Regarding the presence of strategic and sustainable principles, on average, the criteria were met in 36% of the plans,
which is a weak result; 20 of 49 criteria were met in less than 25% and only four criteria were met in 75% of the plans.
There were significant qualitative differences among the plans. The Vale do Douro plan (which met 60% of the
criteria) satisfied all of the sections except Section B. Two other plans, Seixal and Serra da Estrela, scored above 50%.
Six plans met between 25% and 41% of the criteria, and two plans (Leiria/Fátima and Santiago do Cacém) had very
poor results (Table 1).

Copyright © 2010 John Wiley & Sons, Ltd and ERP Environment Sust. Dev. (2010)
DOI: 10.1002/sd
How Does Tourism Planning Contribute to Sustainable Development?

Strategic Section A Section B Section C Section D Section E Total


plan max = 22 max = 12 max = 28 max = 24 max = 12 max = 98

value % value % value % value % value % value %

PDTVD 16 73 2 17 19 68 14 58 8 67 59 60
PEDTS 15 68 7 58 18 64 11 46 3 25 54 55
PETUR 17 77 2 17 15 54 14 58 6 50 54 55
M-PET 7 32 3 25 14 50 9 38 7 58 40 41
PRTA2000 11 50 0 0 16 57 7 29 5 42 39 40
PDTA 3 14 0 0 18 64 14 58 3 25 38 39
PASTUV 5 23 3 25 8 29 9 38 5 42 30 31
PEDT-ACB 3 14 0 0 7 25 13 54 4 33 27 28
PETCB 0 0 0 0 15 54 4 17 5 42 24 25
PRTL/F 0 0 0 0 0 0 10 42 1 8 11 11
PETSC 0 0 0 0 4 14 5 21 0 0 9 9
Total 77 32 17 13 134 44 110 42 47 36 385 36

Table 1. Ranking of plans. The column ‘value’ shows the score each plan received in each of the sections. The
maximum score is reached by multiplying the number of criteria in each section by two (the criterion is present in an
‘evident’ form). The ratio of the maximum possible score to the obtained score results in the percentage success

1
score

0,75
Average

0,5
0,25

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Criteria

Figure 2. Scoring criteria

As a whole, the 11 plans had unsatisfactory results in Section A (stakeholder participation), meeting approxi-mately
32% of the criteria (Table 1). Only four plans had results equal to or greater than 50%, and some did not integrate into
the planning process any engagement with the stakeholders. The main interested parties in national tourism planning
are treated very unevenly. The public agencies are present (generally RTOs and municipal coun-cils that are the
promoters of the plans), but the local population and environmental NGOs are rarely heard, or even ignored in many
cases (Figure 2). Analysing the case of the Institute for Nature Conservation (ICN), a public body depending on the
Ministry for Environment and Spatial Planning: although it has a say regarding develop-ment in protected areas,
particularly natural parks and reserves, it is surprising that almost all plans that include such areas have not heard and
integrated this organization into their planning processes.
Among all the sections, Section B (Vision and values) is the one that shows the weakest results, having been
accomplished in only 13%. Six plans did not receive any score in this section, and only one had a satisfactory result
(58.3%). We noticed that no plan inquired about either the residents’ attitudes or perceptions on tourism (Criterion B4
is the only one that was not even partially accomplished by any plan). This setting aside of the resident

Copyright © 2010 John Wiley & Sons, Ltd and ERP Environment Sust. Dev. (2010)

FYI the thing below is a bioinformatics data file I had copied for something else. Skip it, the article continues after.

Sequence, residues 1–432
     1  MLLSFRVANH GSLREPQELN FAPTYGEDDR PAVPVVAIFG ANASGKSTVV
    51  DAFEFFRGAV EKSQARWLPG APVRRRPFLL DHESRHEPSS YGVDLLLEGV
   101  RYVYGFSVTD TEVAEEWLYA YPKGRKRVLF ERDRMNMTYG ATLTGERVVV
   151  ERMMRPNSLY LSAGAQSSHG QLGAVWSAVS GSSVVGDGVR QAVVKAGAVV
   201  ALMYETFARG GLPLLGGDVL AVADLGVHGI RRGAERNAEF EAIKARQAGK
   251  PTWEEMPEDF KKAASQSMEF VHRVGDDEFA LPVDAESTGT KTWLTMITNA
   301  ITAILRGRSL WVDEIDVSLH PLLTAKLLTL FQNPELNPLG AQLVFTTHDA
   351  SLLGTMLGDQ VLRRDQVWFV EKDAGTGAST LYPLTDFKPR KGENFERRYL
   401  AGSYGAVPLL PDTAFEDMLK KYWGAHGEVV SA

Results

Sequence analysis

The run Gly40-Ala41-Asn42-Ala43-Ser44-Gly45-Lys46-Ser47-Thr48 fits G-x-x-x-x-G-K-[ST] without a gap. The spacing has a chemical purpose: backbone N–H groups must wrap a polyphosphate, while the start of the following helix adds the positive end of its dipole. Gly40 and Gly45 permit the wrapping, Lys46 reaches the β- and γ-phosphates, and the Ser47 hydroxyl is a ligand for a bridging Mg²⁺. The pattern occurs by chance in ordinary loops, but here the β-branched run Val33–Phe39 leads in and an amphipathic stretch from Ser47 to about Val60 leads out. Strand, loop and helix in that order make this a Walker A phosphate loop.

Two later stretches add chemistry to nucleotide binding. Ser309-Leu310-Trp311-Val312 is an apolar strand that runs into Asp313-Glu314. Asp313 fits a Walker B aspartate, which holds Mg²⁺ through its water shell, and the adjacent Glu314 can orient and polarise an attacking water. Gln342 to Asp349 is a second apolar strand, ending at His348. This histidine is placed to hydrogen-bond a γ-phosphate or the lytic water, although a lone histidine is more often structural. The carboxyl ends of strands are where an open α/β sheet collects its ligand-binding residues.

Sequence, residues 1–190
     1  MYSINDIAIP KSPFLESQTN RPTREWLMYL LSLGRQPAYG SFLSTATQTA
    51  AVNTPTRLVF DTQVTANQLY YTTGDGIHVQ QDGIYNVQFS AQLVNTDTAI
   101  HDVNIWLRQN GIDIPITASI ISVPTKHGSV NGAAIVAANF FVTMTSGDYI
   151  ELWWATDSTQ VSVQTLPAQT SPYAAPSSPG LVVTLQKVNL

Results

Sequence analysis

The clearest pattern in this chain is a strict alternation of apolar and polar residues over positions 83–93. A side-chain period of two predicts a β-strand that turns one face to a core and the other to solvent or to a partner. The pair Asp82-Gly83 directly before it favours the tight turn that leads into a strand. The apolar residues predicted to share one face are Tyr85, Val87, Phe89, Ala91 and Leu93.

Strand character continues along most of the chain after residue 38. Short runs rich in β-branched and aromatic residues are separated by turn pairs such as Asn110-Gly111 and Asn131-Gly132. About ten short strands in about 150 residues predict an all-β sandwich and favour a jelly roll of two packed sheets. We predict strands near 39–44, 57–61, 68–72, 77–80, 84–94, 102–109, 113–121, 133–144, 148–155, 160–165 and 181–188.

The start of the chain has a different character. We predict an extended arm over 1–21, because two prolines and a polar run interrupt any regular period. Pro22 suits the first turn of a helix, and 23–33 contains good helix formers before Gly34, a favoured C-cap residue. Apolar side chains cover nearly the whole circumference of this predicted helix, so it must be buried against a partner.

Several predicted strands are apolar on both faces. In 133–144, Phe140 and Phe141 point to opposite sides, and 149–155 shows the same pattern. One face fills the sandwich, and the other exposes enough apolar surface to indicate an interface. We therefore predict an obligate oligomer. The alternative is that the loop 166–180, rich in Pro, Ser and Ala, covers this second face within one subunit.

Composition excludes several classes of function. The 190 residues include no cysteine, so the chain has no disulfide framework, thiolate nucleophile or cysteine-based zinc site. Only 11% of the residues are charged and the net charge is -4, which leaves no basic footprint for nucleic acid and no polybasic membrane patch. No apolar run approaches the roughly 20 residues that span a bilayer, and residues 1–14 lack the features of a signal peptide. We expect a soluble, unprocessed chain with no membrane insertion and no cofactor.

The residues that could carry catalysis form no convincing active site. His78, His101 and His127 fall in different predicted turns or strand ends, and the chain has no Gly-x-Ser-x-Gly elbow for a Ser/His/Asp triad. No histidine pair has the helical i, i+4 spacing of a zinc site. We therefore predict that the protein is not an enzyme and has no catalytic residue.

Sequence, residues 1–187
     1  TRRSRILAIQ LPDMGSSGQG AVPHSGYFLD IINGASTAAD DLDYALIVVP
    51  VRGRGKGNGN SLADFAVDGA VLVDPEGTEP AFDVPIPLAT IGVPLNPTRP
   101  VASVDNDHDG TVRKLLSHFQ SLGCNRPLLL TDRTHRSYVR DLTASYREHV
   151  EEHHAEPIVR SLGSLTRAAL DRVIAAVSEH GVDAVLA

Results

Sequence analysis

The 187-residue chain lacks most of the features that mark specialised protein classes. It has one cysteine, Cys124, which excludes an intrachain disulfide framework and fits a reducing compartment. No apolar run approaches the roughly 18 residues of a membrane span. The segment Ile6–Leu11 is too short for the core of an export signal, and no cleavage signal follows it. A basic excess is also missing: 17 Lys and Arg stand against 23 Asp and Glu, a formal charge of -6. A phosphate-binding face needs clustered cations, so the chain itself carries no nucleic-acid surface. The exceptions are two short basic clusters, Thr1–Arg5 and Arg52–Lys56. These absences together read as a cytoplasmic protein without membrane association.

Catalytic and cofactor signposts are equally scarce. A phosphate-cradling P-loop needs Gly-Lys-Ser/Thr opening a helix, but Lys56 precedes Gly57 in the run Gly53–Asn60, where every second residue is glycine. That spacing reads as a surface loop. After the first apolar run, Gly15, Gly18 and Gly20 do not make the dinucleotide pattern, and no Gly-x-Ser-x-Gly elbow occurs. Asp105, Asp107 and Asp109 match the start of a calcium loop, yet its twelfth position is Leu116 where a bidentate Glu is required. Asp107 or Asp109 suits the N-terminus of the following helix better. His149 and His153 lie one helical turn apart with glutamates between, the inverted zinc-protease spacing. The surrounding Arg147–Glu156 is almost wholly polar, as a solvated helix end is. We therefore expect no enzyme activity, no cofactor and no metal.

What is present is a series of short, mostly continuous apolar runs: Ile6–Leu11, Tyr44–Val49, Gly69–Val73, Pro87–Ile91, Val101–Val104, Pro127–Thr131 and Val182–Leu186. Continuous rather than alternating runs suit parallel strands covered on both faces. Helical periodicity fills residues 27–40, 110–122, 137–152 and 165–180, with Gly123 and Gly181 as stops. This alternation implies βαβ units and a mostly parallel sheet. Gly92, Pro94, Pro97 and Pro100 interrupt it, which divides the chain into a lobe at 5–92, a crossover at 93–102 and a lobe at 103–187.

DOI: 10.1002/sd
J. N. Simão and M. d. R. Partidário

community is something that Costa (1996) had already warned about planning in Portugal by alerting that the process
was often taken over by professionals rather than by all interested parties.
With few exceptions (the Seixal plan is the most interesting one) the planning is carried out in a closed circuit
(institutions and public agencies excluding those connected to environment protection) barely open to stakeholders and
not reflecting the vision and values of the community. Similar conclusions are found in the literature (Brohman, 1996;
Choi and Sirakaya, 2006; Hall, 2000; Joppe, 1996). Hall (2000) justifies this as essentially due to two factors: (i) the
pressure and dissatisfaction of investors in undertaking a longer decision-making process and (ii) public participation
and the transfer of control to the population are interpreted as questioning the power and control of the regional/local
governments.
Thus, contrary to what is advocated by the WTO and other authors, national tourism planning treats the envi-
ronment and the resident community as silent stakeholders, i.e., they are affected by but do not have a direct form of
participation in the decision-making process.
Section C (situation analysis) is the one where the plans had the best results (43.5%). The identification of the
population and demographic levels, evaluation of tourism infrastructure capacity, a quantitative analysis of the number
of visitors and the identification of the primary local economic activities are the more common aspects existing in the
plans. The resilience of the physical environment, the evaluation of the competence of local tourism operators for
business, and the comparison of tourism with other industries regarding local economic development are the most
absent aspects. Since tourism competes with other industries for access to scarce resources, it should be expected that
the destinations would base activity development on the quantification of the foreseen economic and social benefits for
the region (Criteria C8, C9 and C10). However, the documents scarcely indicate the main economic effects of tourism